Paul Phua may not have had his constitutional rights violated when FBI agents raided his Caesars Palace villa, but the evidence from that raid is still likely to be tossed out of court.
Those were the decisions filed Monday by US Magistrate Judge Peggy Leen, who found that agents used “false and misleading statements” in order to persuade a judge to issue a warrant to search the villas in which Phua, his son Darren, and other associates were allegedly running an illegal sports betting ring last July.
Leen recommended invalidating most of the evidence against Phua after pointing out “reckless” errors and misleading statements in the search warrant affidavit submitted by FBI agents to Judge Nancy Koppe.
In particular, she noted that the agents failed to mention that they had cut off Internet service to Phua’s villa on July 5 in order to pose as computer technicians and take a look inside the rooms.
That, Leen said, should have been revealed to Judge Koppe in order to help her determine whether there was probable cause for the July 9 raid she ultimately issued the warrant for.
“The investigators’ suspicions that Phua was engaged in illegal sports betting at Caesars Palace may be borne out by the evidence recovered in the execution of the warrant,” Leen wrote in her decision. “However, a search warrant is never validated by what its execution recovers.”
Leen said that it was clear that the FBI agents had written their affidavit in a way that linked Phua to the sports betting operation without evidence to support it, suggesting that Phua was “engaging in conduct which he was not.” She also noted that agents failed to explain how they had connected Phua to the 14K Triad.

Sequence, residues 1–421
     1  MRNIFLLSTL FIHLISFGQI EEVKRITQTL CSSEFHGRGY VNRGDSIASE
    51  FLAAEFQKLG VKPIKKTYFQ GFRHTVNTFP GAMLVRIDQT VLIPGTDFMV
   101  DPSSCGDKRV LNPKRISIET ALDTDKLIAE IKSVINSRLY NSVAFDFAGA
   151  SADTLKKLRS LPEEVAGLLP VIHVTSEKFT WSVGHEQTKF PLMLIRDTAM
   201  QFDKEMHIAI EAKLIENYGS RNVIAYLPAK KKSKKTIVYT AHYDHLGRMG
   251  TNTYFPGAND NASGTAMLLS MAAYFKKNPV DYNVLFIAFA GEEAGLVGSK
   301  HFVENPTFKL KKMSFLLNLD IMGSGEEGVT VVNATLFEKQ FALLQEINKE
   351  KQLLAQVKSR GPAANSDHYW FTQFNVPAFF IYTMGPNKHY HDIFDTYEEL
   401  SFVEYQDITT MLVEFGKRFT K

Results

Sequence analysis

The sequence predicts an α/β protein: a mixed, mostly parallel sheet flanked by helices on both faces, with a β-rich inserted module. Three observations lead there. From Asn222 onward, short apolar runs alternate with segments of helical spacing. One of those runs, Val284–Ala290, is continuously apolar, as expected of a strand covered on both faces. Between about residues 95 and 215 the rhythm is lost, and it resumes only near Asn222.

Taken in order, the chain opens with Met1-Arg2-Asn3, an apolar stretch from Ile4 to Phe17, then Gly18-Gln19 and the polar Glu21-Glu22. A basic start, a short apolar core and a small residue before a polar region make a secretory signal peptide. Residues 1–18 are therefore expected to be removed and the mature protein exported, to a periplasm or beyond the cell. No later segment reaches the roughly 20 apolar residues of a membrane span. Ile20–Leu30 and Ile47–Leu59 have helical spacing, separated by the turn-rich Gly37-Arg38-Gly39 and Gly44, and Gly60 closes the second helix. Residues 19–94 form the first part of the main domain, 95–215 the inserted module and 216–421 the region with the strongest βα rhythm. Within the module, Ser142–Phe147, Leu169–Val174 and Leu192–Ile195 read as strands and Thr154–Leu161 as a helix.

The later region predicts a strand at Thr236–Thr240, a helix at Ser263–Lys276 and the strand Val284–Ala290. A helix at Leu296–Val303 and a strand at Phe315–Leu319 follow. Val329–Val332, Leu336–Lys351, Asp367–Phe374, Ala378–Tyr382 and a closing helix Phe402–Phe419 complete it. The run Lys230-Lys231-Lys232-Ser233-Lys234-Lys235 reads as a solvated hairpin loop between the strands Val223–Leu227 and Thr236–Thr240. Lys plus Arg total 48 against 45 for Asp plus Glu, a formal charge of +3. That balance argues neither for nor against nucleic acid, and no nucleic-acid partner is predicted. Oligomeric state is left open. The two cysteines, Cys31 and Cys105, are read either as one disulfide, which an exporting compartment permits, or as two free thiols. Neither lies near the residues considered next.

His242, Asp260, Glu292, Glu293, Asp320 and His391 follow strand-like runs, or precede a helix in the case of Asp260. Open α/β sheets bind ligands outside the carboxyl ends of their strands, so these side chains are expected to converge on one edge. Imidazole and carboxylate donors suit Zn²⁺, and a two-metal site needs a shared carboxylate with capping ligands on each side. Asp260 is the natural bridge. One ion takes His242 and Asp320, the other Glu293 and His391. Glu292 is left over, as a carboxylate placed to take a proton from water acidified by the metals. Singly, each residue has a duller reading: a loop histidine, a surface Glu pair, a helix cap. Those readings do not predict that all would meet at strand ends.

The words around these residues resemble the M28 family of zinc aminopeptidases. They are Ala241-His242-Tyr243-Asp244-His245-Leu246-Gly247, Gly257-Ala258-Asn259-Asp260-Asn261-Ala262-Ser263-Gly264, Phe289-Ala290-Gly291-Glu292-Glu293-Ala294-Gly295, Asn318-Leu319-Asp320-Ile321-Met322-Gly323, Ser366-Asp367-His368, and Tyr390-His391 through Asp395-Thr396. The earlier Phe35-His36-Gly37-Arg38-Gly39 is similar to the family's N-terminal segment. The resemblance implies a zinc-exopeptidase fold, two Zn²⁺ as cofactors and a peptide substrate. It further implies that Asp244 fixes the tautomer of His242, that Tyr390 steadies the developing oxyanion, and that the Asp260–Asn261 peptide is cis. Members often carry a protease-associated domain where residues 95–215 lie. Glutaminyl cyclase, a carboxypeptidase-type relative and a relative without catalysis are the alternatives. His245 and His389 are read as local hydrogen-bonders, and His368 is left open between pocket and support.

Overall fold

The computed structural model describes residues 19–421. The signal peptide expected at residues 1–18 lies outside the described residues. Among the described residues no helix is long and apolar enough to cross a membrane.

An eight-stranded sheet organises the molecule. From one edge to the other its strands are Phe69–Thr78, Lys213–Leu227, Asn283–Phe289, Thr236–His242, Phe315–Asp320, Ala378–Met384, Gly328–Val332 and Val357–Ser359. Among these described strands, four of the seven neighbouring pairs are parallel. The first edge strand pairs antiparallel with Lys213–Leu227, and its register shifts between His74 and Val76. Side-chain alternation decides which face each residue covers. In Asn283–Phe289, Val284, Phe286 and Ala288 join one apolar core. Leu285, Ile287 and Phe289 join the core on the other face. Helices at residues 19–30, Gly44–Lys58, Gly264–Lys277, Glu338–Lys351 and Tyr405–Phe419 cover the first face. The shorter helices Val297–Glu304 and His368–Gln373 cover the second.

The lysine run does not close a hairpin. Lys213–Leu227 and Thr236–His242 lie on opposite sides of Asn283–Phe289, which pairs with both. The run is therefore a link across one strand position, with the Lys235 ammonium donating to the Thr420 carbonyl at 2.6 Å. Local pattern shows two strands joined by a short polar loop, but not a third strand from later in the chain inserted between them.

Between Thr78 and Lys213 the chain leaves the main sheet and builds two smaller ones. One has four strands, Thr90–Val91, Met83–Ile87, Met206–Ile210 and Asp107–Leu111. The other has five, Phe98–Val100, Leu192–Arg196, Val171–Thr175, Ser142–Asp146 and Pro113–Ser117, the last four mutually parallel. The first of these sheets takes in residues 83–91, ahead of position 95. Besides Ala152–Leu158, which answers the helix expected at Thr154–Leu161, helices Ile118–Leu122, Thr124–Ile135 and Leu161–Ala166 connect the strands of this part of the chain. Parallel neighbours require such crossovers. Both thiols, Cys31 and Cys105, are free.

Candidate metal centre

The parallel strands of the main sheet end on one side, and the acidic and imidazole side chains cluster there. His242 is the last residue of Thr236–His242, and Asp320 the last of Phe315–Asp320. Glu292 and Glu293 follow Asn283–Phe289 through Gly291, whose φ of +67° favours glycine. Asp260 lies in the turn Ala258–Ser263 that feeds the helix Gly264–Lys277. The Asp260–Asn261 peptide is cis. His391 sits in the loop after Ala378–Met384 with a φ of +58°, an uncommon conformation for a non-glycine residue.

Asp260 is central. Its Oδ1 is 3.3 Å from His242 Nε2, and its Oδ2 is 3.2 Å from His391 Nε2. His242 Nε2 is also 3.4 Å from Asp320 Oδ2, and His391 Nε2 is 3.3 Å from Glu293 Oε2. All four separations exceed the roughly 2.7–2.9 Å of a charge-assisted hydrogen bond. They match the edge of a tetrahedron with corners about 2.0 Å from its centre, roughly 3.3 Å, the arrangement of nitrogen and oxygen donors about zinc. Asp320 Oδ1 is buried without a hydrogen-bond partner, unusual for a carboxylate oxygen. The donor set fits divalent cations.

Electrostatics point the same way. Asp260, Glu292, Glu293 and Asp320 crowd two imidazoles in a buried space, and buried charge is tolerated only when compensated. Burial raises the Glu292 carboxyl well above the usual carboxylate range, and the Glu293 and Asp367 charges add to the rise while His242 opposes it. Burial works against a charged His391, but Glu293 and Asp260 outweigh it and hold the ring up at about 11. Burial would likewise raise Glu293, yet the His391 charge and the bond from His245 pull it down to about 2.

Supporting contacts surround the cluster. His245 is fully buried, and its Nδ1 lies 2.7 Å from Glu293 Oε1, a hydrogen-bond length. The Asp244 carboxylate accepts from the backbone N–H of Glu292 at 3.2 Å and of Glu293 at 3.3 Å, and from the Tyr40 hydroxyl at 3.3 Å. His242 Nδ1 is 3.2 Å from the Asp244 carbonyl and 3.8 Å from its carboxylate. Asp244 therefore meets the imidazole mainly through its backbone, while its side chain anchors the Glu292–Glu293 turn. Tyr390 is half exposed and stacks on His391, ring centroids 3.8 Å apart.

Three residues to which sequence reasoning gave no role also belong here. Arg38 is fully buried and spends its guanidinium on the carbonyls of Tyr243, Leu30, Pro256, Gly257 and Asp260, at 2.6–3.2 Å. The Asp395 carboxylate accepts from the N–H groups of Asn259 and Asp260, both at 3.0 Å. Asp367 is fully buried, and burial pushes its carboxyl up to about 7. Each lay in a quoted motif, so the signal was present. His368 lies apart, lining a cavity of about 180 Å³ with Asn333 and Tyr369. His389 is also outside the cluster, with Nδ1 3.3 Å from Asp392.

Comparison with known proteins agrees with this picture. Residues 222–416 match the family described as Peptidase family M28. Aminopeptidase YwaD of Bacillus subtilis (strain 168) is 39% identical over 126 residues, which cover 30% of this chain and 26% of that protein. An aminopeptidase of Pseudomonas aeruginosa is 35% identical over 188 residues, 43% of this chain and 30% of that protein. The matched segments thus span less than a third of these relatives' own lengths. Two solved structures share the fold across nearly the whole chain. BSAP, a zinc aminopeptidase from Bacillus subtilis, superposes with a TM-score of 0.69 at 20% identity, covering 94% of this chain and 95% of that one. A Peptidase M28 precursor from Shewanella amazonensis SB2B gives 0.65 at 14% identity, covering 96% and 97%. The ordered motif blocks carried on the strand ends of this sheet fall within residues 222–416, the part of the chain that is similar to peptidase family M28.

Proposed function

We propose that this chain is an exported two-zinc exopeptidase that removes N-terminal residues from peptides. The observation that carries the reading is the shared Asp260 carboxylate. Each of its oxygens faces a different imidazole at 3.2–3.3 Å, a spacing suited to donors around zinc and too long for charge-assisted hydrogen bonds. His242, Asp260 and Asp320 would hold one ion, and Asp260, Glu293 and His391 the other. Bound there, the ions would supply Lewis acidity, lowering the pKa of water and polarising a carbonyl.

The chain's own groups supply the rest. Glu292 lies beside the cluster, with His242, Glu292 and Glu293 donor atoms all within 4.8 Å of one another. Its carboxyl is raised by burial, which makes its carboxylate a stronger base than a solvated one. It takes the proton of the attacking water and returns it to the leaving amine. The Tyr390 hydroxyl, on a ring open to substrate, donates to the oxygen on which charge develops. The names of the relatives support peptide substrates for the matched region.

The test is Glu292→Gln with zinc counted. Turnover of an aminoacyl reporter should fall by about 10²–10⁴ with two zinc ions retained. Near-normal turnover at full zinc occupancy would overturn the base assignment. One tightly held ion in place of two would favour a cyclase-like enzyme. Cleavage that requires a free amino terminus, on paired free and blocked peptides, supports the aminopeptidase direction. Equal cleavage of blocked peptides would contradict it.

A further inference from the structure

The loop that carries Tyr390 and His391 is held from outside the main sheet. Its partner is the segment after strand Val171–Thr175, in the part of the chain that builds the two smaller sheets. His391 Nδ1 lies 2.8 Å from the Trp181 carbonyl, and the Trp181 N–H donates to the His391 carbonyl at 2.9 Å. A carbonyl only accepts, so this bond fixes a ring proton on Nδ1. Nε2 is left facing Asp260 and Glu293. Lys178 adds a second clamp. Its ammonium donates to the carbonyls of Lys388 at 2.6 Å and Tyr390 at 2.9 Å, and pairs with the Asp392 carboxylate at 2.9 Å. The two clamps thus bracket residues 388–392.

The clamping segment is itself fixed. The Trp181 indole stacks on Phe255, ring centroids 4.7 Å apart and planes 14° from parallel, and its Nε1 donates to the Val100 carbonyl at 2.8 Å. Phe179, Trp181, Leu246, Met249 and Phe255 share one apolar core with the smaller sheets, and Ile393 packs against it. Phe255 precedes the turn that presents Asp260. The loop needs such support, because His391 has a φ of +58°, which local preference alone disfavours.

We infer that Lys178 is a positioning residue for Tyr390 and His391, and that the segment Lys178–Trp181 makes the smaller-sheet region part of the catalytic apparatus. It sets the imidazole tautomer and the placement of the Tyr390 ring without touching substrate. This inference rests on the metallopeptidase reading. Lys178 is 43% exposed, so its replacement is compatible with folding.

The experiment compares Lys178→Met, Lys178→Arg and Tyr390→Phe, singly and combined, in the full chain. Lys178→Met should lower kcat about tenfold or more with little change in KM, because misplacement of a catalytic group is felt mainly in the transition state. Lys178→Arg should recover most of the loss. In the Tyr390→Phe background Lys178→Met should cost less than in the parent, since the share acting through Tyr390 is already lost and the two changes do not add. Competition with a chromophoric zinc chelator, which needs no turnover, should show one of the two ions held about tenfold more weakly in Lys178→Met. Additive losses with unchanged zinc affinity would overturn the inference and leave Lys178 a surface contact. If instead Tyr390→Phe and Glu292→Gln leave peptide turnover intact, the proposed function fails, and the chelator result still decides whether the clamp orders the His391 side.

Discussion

Phua’s attorneys were predictably buoyed by Leen’s decision.
“This is a triumph for citizens everywhere, showing that courts will enforce the constitution,” said defense attorney David Chesnoff. “I’m pleased that her honor recognized that law enforcement must not be reckless nor omit vital information when seeking a warrant.”
In an interesting twist, however, the main argument being made by Phua’s defense team seems to have been rejected by Judge Leen.
In a separate decision, Leen decided that FBI agents acted within their authority to shut down Internet access to the villa they believed hosted the sports betting operation, then gather evidence while posing as technicians when invited to repair the problem.
According to Leen, it’s clear that the Phuas were tricked by the FBI.
However, this did not violate their constitutional rights: the agents were still invited into the villa by the Phuas, who “assumed the risk” that they could be caught doing something illegal when they allowed anyone into their rooms.
It’s unclear how the case against the Phuas will proceed if the evidence from the July 9 raid can’t be used in court, as even prosecutors have said in court that they would have a difficult time making their case without the fruits of that search.
Prosecutors may still make objections to Judge Leen’s recommendations to US District Judge Andrew Gordon, who is presiding over the case. US Attorney Daniel Bogden said that government prosecutors are reviewing the decisions, and that they have two weeks to respond.